Stress, that tense feeling often connected to having too much to do, too many bills to pay and not enough time or money, appears to be a common emotion that knows few borders.

About three-fourths of people in Canada, the United States, Australia, France, Germany, Italy, South Korea and the United Kingdom said they experience stress on a daily basis, according to an AP-Ipsos poll.

Those anxious feelings are even more intense during the holidays.

Just over three-fourths of the people in Canada, 76 per cent, said they feel stress in their daily lives frequently or sometimes. Canadians were most likely to name their jobs, 32 per cent, or their finances, 28 per cent, as the most important causes of that stress.

Spaniards, 61 per cent, were not as wound up as those in most other countries polled. And they could all take a lesson from Mexico, where more than half of Mexicans said they rarely or never experience stress in their daily lives.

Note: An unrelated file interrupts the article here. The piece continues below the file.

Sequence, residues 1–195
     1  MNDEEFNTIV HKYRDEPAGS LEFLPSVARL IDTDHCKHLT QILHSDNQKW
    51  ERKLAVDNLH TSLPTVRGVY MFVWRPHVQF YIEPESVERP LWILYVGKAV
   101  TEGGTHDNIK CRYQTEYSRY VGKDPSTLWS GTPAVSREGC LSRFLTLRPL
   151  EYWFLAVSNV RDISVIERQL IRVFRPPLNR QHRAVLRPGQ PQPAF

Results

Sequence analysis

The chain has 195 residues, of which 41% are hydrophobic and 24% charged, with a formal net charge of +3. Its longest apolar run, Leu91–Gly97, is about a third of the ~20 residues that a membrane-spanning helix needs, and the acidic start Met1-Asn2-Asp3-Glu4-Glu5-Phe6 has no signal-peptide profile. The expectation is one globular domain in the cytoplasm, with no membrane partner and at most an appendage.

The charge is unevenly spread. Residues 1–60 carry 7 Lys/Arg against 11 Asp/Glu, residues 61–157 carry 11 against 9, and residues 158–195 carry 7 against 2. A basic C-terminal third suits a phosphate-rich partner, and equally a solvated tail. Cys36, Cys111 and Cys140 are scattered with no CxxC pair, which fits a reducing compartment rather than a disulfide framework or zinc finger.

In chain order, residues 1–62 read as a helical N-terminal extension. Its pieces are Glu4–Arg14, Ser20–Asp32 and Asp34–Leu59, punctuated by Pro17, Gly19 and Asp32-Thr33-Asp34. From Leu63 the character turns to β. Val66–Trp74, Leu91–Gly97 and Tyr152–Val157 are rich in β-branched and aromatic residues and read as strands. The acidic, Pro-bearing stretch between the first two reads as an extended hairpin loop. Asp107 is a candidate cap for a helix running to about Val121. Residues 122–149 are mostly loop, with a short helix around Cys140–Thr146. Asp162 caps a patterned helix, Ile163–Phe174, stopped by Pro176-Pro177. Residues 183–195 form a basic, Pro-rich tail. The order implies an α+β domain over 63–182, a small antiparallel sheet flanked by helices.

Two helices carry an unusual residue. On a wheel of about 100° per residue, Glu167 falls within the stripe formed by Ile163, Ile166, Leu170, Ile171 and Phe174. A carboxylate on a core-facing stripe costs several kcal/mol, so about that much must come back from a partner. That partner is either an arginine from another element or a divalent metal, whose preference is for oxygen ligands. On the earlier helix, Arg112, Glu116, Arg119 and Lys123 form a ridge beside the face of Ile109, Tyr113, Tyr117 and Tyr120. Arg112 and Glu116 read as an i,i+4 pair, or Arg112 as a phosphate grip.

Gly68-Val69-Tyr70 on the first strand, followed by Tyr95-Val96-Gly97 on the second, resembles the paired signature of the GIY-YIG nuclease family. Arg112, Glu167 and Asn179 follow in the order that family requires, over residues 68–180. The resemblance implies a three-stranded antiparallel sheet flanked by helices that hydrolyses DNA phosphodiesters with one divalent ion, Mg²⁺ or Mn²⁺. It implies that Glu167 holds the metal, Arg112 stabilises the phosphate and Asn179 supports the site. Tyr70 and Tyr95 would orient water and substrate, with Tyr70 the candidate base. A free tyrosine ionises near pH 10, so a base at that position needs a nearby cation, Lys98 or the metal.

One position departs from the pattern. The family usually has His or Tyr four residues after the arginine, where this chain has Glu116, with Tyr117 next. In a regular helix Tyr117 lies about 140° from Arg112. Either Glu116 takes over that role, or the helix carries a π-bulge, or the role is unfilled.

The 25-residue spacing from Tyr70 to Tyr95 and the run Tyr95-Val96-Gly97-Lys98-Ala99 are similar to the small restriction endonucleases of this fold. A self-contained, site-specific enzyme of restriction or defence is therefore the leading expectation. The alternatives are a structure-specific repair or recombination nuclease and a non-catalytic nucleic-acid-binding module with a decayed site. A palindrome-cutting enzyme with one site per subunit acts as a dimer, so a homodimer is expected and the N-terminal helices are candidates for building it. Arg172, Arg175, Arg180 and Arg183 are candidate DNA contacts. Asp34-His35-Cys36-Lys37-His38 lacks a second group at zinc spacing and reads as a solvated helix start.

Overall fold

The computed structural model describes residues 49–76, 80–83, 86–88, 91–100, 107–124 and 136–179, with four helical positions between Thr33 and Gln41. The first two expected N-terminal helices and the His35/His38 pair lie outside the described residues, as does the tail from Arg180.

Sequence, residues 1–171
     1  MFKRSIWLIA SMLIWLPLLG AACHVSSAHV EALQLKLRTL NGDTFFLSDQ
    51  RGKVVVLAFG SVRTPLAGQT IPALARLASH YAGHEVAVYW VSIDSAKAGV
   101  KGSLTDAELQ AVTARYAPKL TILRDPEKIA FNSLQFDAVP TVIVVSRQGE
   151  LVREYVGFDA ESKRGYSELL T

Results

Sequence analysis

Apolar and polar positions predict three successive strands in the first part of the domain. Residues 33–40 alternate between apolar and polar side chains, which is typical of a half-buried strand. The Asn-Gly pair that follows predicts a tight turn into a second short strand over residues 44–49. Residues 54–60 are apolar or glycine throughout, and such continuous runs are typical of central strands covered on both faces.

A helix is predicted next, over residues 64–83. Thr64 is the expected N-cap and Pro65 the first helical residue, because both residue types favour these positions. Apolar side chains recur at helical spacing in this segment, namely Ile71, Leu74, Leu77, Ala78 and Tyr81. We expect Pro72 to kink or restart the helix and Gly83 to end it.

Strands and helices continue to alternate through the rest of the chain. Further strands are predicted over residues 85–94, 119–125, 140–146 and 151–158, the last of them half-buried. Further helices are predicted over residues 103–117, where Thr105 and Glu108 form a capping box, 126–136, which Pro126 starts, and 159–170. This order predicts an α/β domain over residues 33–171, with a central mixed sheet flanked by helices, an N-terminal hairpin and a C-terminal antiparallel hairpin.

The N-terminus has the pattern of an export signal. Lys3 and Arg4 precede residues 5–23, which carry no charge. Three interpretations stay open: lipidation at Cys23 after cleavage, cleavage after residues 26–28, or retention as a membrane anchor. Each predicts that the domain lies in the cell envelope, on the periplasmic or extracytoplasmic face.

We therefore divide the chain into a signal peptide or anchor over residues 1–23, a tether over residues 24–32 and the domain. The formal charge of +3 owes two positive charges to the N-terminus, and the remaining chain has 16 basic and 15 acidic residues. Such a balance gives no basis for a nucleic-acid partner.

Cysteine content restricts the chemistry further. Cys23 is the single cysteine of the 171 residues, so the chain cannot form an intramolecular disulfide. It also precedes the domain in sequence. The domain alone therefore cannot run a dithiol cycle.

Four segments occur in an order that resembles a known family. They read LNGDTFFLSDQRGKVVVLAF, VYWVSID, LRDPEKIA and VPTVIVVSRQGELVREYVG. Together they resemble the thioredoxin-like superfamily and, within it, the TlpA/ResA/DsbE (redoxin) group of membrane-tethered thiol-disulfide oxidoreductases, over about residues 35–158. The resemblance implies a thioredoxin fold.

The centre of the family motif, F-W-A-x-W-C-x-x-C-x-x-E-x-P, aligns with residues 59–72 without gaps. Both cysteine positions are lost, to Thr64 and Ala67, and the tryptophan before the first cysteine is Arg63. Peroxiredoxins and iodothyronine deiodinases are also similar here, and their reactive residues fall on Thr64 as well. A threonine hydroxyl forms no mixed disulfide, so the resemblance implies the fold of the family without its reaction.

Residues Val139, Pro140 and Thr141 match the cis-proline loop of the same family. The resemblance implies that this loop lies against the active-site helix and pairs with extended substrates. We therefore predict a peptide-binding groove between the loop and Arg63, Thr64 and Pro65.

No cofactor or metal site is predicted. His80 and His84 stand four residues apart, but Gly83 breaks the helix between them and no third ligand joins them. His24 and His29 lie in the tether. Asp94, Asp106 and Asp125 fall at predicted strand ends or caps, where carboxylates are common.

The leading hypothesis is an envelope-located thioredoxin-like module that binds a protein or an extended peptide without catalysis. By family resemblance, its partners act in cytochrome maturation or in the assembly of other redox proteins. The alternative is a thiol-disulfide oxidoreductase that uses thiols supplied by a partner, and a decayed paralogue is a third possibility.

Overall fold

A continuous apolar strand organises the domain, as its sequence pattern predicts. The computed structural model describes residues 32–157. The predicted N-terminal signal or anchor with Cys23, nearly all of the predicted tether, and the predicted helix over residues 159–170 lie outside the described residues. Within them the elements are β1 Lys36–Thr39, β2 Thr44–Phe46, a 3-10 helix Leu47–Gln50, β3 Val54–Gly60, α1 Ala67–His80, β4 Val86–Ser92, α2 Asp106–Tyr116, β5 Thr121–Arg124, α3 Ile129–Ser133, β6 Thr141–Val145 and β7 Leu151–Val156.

But that is certainly not the experience for most people in the 10 countries polled - especially women.

When the word "stress" was mentioned to Heidi Zabit of Durham, Conn., recently, it seemed to touch a bundle of nerves.

"My life is just so stressful right now I'm exploding all over the place," said Zabit, a paralegal and single mother of three boys. "Financially, the stresses are putting me under the table. After a full day of work, we finish dinner and do homework. By 9 p.m., I'm fried.

"And it's magnified by the holidays," she said. "They emotionally string us all out, they string our kids out, as far as hopes and expectations."

Germans feel stress more intensely than those in other countries polled. People in the U.S. cite financial pressures as the top worry. About half the people in Britain said they frequently or sometimes felt life was beyond their control, the highest level in the 10 countries surveyed.

In most of those countries, men were more likely to say their lives were never out of control.

"The idea that we French lead the good life is totally utopian," said Pascale Mongay, a counsellor at a private Paris tutoring firm. "We are as stressed as anyone," she said.